Researchers understand that incarceration serves well as punishment and keeps offenders from harming the public, but jail or prison time rarely functions as rehabilitation. In fact, people who have spent time in jail due to drug or alcohol use are more likely to commit crimes, according to the U.S. Department of Justice.
To lower the risk that people will re-offend, the Mississippi justice system has instituted intervention courts.
How intervention courts work
Participants must agree to a contract that requires them to go to treatment. Close supervision, random and scheduled drug tests and therapy help participants to overcome their addictions. Completion of the program results in dropped charges, lesser penalties or reduced sentences, depending on the agreement between the judge, prosecution and defendant.
According to the National Institute of Justice, drug court participants test negative for drugs more often than people who receive probation instead. The percentage of participants who commit further offenses is also lower.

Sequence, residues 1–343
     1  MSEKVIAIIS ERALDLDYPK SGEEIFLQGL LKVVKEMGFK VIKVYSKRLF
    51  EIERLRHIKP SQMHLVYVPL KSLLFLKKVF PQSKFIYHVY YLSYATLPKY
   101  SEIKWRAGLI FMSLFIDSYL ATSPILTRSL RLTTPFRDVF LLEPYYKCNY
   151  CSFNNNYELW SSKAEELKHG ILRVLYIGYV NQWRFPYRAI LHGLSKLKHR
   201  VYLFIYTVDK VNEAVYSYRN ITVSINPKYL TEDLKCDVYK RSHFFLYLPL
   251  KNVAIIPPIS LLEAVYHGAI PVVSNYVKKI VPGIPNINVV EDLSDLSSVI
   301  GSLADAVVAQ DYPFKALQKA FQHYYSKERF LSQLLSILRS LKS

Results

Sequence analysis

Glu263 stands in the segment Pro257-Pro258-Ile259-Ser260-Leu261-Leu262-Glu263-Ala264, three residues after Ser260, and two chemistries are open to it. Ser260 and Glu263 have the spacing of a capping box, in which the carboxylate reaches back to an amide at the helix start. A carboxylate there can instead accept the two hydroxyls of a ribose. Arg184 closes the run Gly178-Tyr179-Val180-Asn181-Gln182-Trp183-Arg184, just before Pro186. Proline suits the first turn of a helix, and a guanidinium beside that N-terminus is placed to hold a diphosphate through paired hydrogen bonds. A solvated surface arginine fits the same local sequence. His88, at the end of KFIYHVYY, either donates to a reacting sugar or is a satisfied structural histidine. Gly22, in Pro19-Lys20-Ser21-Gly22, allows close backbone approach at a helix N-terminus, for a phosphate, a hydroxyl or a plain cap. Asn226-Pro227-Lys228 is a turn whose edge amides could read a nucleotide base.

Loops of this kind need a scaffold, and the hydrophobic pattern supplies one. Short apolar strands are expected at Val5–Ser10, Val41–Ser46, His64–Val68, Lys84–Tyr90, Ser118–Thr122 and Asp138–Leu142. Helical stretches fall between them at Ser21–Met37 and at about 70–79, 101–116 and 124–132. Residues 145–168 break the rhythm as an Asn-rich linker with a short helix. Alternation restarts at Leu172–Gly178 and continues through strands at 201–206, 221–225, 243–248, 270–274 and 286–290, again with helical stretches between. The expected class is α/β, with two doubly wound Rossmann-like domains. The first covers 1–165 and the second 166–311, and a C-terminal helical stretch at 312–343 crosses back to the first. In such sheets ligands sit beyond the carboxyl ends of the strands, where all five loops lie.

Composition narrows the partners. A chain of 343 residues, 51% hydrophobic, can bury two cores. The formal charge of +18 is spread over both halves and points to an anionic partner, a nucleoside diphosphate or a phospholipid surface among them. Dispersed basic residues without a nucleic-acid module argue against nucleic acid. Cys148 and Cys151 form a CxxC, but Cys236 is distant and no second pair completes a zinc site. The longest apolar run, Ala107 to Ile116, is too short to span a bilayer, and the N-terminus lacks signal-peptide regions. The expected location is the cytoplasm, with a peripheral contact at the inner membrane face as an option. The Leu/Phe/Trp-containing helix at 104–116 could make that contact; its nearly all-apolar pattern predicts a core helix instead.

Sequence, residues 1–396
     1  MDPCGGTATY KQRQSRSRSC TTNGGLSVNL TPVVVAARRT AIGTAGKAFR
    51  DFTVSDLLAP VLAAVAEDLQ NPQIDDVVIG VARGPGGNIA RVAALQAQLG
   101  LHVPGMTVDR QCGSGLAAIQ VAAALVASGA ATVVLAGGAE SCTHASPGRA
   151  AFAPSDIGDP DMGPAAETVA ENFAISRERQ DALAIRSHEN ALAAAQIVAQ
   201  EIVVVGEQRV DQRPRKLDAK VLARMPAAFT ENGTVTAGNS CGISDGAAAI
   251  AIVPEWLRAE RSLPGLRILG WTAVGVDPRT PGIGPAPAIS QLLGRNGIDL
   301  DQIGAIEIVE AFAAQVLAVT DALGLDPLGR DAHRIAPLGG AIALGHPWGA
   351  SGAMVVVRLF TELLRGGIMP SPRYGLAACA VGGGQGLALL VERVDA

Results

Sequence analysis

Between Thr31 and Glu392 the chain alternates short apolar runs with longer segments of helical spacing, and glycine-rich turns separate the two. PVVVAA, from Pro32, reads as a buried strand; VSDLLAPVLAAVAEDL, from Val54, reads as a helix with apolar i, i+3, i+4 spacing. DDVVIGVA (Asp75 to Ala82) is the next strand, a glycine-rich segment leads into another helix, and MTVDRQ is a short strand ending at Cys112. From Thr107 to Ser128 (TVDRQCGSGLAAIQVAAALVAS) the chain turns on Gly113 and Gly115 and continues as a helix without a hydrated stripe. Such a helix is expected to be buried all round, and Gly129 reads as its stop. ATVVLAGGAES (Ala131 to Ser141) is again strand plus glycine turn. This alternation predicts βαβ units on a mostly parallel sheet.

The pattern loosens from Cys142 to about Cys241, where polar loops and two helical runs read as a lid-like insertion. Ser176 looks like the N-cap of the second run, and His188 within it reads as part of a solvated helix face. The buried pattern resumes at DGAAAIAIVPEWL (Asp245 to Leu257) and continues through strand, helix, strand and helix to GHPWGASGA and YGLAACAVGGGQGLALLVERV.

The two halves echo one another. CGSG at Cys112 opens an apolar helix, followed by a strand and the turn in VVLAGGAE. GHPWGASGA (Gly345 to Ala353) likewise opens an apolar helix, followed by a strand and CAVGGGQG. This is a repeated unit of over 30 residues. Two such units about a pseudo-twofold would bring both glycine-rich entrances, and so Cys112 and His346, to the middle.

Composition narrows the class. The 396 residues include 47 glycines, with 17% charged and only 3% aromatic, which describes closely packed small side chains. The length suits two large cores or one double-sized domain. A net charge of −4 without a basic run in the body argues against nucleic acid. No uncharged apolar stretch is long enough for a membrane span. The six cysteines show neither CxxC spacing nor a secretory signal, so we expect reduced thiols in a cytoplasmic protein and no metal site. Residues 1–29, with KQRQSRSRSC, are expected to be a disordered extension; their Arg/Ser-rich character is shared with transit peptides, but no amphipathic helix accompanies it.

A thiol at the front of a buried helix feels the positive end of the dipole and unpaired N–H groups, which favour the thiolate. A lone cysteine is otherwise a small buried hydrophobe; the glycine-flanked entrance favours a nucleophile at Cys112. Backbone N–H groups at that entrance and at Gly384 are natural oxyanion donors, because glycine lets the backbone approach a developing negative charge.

How people become participants
The district has programs for both adults and juveniles who do not have a significant criminal record. Upon indictment, a defendant may seek to enter the program.
Only nonviolent offenders may participate. Allowing them to remain in the community must not put people’s safety at risk. A person is likely to receive acceptance to the program if the court determines the following:
- The program serves justice
- The program meets the needs of the defendant
- The chances of rehabilitation are high
- The risk of re-offending is low
People who face drug charges involving the sale of or the intent to sell controlled substances are not eligible.
How the programs benefit the community
Incarceration is expensive and puts a strain on law enforcement and court system resources. Diversion courts sidestep these costs as well as the expenses related to re-arrest. When there is less crime in the community, everyone wins.
Participants who complete the program avoid many of the collateral consequences of a criminal conviction and receive a fresh start on a life free of addiction.